If I'm going with a different wax temperature range than what was on there, (whispers so as not to be embarrassed) I just wax right over what little old wax is left on the ski. On rare occasions I've scraped before hot waxing. Rare, meaning visible wax remaining. My-non chemical brain says "You can blend waxes for intermediate temps, so why not blend what's already on my ski?

Hasn't been a problem.

Tons of truth in this thought process.

After attending a tuning class from a TOKO wax rep who was brought in last Fall to give some info for my kids highschool ski team, a semi paradigm shift happened to my thought process after having been tuning my skis since the mid 80's!

The TOKO rep was advocating that on all but the warmest of days, that you put a base layer of hard, cold weather wax down, and then use some of the AMAZING new liquid paraffin spray wax that is more temp specific for that day. Wax and scrape the cold wax (it's resilient enough that you only realistically need to re wax with the cold temp wax every 4 or 5 days), and then spray the liquid paraffin temp specific over it, and just brush it out about 15 minutes later.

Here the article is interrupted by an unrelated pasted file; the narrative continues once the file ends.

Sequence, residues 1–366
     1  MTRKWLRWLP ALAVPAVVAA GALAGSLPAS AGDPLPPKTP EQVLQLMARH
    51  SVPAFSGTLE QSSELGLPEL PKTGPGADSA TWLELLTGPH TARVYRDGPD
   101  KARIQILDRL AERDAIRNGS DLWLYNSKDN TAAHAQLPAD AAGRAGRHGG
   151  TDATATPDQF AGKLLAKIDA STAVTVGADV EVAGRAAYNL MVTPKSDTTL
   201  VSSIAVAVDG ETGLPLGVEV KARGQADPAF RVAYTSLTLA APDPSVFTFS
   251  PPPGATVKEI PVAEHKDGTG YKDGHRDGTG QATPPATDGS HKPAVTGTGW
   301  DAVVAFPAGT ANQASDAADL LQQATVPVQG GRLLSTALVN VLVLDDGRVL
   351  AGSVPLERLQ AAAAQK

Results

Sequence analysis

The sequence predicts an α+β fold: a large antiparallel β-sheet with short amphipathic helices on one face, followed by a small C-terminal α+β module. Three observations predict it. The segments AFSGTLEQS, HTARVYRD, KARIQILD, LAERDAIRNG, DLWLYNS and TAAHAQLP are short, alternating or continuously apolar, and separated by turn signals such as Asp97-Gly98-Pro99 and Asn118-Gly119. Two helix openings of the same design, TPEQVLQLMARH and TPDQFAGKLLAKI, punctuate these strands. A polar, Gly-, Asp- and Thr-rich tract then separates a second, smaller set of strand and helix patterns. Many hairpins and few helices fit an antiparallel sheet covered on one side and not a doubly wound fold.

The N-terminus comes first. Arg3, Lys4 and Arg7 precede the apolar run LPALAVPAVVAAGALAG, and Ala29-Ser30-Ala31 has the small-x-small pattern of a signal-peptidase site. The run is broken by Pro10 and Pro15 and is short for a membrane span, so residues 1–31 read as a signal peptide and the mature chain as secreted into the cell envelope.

I was impressed with the glide that combo got me this past season. While I was still sharpening edges more than I was re applying the cold temp base wax, the quick coat of the liquid paraffin worked well, and on the few warm days that I got out on the hell before everything shut down, I was able to do a quick re application of the warm weather spray paraffin when I went in for lunch, and the wet snow glide had far less "suction" than when I just would hot wax.

On days like that, even if it was say 50 out, my base wax was still the "arctic blue", with the TOKO rep's theory being that underneath, that snowpack is still COLD, and then you just top dress off of that cold base layer of wax
 

thetrailboss

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Unless the base is visibly dirty, the goal of a cleaner is mainly to remove any remaining wax, so anything that dissolves wax should work.
Citrus based are most popular, but alcohol works too.
There is also a school of thought which says to skip cleaners altogether because they dry out the base and to just do a hot wax and hot scrape.

My thoughts as well.